Don’t have much space? Many herbs grow beautifully in containers. Here’s everything you need to know.
Put containers anywhere there is a source of water and plenty of sunshine.
For anyone in wheelchair or who has trouble bending over, a large pot is the next best thing to a raised bed.
Your container needs six hours of sun each day.
Use a premium-quality potting mix. DON’T use garden soil; it can be too dense and infested with disease or nematodes. After a year, empty the old soil, which loses its original texture, into a compost pile and replace with new. In cool climates where decomposition is slower, a 2-year rotation is usually okay.
Before planting, mix timed-release fertilizer into the soil at the rate recommended on the label. Or, fertilize with Bonnie Herb and Vegetable Plant Food according to label directions.
Containers must have drainage holes and be large enough to accommodate the roots as they grow.
Put heavy pots on casters to make it easier to move them around.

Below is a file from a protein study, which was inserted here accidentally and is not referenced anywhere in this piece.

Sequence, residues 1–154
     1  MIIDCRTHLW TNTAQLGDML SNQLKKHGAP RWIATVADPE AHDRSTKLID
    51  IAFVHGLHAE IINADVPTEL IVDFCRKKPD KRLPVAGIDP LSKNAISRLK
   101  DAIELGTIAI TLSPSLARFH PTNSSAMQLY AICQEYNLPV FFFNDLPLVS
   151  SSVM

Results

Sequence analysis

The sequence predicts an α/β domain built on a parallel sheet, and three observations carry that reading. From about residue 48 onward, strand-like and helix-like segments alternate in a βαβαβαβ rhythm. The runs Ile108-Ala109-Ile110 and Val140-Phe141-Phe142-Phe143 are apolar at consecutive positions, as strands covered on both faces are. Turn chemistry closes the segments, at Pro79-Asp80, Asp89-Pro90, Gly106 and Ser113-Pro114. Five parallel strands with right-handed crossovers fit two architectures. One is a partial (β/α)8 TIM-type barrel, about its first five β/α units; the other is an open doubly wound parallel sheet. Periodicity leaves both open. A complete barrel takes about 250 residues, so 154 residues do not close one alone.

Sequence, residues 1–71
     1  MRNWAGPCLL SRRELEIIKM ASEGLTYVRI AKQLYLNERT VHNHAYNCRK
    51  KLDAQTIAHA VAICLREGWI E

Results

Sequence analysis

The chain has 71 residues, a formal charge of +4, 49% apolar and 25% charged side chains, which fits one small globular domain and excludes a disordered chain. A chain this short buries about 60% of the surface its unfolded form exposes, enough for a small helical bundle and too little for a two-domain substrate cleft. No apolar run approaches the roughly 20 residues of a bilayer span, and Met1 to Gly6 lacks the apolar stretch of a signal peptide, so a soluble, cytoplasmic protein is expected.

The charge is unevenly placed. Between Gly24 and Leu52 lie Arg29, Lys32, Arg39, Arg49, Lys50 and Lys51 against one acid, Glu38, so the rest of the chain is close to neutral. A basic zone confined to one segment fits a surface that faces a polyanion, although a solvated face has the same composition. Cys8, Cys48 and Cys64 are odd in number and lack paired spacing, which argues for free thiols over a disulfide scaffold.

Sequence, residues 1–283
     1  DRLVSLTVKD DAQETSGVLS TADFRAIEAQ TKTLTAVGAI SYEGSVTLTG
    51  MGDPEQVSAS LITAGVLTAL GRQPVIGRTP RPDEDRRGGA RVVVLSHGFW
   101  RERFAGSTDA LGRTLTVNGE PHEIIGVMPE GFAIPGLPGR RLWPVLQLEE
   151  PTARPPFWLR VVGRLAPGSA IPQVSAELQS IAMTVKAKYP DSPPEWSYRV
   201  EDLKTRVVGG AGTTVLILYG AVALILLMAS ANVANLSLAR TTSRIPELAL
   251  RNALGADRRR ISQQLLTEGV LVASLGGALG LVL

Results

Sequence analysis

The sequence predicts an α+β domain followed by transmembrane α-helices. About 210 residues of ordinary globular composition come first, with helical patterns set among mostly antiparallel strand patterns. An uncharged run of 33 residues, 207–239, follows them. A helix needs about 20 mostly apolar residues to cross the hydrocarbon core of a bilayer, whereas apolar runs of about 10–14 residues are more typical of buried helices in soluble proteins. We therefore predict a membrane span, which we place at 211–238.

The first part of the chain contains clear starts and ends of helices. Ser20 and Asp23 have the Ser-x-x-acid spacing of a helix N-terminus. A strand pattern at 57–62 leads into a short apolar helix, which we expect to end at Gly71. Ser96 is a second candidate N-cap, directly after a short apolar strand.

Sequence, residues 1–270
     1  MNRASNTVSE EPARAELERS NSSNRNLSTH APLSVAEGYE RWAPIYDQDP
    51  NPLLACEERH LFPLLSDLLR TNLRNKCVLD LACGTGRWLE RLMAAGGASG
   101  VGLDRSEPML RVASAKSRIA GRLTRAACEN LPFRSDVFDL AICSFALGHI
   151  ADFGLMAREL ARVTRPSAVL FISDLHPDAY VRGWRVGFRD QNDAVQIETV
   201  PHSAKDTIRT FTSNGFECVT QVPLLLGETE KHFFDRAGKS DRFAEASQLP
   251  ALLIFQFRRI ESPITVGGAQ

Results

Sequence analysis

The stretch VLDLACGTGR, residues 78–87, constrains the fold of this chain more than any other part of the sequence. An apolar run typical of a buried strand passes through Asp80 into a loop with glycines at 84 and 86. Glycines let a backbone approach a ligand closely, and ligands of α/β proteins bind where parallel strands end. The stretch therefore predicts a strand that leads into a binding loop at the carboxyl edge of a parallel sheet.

Consider a spaghetti tube drip irrigation system if you have many pots clustered in a single place that is easy to run water to. It will make watering a breeze.
All herbs will grow in containers.
Combine herbs according to their shape so there is room for more than one in a pot. For example, pair upright rosemary with creeping thyme. If the pot is large enough, you can add sage or chives, too.
A large strawberry jar is a perfect vessel for compact herbs that you only use a pinch at a time. These include mint, oregano, thyme, sage, and rosemary (in the top of the jar). See our article, Herbs Well Suited to A Strawberry Jar, in the container gardening section of the Gardening Library.
In humid climates, use pea gravel mulch in the pot to help keep leaves from rotting.